Poems, Experience, and Voices Not Your Own

Poems, Experience, and Voices Not Your Own August 7, 2018

If you don’t follow the poetry world, you may have missed the recent kerfuffle at The Nation in which a poem “How-To” by Anders Carlson-Wee sparked so much outrage it resulted in the quite rare move of the poetry editors, Stephanie Burt and Carmen Giménez Smith, apologized for ever having published it in the first place. The poem tries to examine the ways in which marginalized members of society are forced to perform their “otherness.” The problem, and the source of the outrage, was the attempted representations of vernacular. Lines like “they know you is” and “who they believe they is” which sound more like an old Don Rickles routine than an actual engagement with different vernaculars of English. To my ears, as a scholar of lyric and a devoted lifelong reader of poetry, the poet overplayed his hand and created a way of speaking that is meant to invoke a community of which he is not a part. Had the editors responded “we see what you’re doing, but this language undermines what you’re trying to do” this all could have been avoided.

Predictably in our current polarized climate this story has blown up with all the usual social media accusations of “PC Police Snowflakes” limiting free expression with even some artists, including the former Poetry Editor of The Nation Grace Schulman, claiming that to apologize for the poem (or any poem or article) is a massive mistake which undermines press freedom and open discourse. Others in the poetry community feel strongly that publishing racist depictions or caricatures is destructive and a magazine undermines its trust with its readers in publishing such a poem.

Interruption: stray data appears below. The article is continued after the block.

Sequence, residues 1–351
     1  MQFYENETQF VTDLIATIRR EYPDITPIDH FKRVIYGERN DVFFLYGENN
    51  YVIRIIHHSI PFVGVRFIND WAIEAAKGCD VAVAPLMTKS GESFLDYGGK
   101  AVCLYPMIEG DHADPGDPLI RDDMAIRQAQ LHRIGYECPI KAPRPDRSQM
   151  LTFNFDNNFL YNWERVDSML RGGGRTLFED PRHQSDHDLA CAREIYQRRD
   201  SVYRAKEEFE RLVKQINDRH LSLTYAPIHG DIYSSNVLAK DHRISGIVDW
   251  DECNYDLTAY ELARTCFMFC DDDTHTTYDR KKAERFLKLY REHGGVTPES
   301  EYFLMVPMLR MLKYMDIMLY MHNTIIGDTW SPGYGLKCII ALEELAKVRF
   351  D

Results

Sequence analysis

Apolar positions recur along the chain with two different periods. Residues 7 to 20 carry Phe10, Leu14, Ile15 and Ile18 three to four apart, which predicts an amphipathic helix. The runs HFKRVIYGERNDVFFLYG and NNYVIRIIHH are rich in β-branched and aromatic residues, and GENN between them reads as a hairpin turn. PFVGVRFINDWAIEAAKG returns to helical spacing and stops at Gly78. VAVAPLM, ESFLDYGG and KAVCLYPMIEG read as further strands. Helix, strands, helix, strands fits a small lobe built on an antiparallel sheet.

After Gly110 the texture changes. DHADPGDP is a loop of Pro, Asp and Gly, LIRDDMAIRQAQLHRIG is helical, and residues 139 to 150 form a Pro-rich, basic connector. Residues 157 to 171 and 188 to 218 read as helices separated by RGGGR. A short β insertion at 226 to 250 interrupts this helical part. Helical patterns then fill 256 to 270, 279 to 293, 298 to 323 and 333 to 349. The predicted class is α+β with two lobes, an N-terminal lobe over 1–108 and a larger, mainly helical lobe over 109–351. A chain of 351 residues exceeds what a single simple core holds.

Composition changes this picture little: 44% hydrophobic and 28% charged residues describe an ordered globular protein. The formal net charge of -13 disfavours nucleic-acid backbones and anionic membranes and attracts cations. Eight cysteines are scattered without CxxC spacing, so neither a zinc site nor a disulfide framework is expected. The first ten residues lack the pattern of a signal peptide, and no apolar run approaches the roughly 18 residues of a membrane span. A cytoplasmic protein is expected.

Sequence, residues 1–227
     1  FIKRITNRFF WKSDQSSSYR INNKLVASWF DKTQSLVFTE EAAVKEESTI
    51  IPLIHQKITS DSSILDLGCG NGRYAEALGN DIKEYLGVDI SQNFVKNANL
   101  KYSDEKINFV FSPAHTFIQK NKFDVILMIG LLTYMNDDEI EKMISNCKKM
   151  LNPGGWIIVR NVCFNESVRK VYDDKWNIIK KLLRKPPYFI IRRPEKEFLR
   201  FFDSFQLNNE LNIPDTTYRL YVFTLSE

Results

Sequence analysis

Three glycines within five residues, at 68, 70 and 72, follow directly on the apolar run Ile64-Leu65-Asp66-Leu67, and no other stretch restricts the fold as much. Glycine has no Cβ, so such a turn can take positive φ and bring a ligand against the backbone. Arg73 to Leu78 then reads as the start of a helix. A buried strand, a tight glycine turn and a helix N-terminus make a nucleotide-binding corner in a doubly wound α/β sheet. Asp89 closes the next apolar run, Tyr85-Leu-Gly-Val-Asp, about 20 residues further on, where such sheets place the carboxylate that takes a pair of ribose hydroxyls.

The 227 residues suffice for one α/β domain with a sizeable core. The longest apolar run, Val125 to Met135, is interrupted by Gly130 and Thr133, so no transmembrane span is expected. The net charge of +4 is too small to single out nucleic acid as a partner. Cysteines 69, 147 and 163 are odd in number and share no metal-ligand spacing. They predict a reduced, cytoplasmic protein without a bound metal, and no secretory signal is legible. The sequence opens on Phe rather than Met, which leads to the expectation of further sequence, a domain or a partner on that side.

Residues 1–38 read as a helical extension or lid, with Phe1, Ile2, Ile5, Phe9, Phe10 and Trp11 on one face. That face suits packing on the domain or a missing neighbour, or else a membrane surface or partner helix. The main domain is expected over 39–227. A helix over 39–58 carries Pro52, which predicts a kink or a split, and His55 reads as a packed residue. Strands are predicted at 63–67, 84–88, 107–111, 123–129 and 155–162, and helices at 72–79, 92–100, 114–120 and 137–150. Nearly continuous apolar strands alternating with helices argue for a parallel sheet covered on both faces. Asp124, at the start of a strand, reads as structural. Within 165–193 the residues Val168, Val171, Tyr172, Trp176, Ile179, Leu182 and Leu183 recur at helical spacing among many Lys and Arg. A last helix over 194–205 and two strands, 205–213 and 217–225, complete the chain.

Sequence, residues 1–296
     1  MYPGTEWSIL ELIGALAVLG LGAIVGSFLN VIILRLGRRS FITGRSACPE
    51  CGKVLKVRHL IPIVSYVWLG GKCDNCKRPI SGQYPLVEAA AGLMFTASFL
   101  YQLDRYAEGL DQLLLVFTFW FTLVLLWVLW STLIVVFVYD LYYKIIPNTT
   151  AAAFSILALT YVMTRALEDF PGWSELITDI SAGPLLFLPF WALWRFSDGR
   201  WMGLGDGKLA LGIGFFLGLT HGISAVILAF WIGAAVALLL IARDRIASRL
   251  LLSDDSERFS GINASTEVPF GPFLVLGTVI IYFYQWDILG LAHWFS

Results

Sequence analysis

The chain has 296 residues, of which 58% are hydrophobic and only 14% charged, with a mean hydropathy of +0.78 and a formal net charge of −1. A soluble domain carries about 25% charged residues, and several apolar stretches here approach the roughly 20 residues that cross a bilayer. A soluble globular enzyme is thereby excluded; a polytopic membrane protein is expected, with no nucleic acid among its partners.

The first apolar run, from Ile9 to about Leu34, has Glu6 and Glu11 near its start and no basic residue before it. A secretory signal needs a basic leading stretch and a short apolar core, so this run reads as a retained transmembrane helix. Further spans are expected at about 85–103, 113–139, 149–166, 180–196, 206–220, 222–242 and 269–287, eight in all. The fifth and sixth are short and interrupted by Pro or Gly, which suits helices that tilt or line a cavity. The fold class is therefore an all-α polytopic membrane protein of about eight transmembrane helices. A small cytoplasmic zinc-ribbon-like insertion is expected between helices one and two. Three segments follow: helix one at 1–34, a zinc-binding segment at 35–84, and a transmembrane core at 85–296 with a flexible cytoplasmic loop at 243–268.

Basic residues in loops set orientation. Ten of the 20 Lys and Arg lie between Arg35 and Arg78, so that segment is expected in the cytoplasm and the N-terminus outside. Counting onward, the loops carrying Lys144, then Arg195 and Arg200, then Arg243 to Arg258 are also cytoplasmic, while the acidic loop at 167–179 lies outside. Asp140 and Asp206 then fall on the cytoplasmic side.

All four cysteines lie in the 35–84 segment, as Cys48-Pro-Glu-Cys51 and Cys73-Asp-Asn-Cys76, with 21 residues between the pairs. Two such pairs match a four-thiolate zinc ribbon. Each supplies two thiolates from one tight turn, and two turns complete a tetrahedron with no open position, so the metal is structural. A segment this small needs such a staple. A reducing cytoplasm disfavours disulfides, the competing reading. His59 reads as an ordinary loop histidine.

I keep coming back to that old issue of discernment, important to Catholics and readers alike. That moment when the poet wrote this poem and editors approved of it enough to publish it they revealed a lot about their taste, their perceptions of the community work of poetry, and their beliefs on how language activates itself in the minds of a diverse readership.

Poets speak in voices that are not their own all the time, but when a poet engages in the creation of a character, they cannot, in good conscience, narrate pain that racial divisions in society have protected them from feeling. Anders Carlson-Wee’s work is not usually written in such a way. Consider this quite good poem. A voice, a character, a narrative but no lazily-constructed faux-vernacular.

I have seen a lot of conservatives, especially, bring this poem up as a free speech issue. It is not. No one is going to throw Carlson-Wee in jail over a poem. We know, as writers and readers, that when we throw our voice out into the world we face consequences and reactions as our words enter the lives of other people. Carlson-Wee, The Nation, and The Nation’s Poetry Editors are all in the middle of confronting the difference between their taste and the feelings of their readers. That is the essence of free speech and it should be applauded.

Yet, there is a wider lesson here. About voices. The voices we carry and the voices we hear. Voices are forged through experience, education, trauma, imitation, hope, and despair. Our voices carry with us through our lives and though we may be excited by voices that are not our own, our duty is to listen not to ventriloquize. To learn rather than exploit. To amplify rather than imitate.

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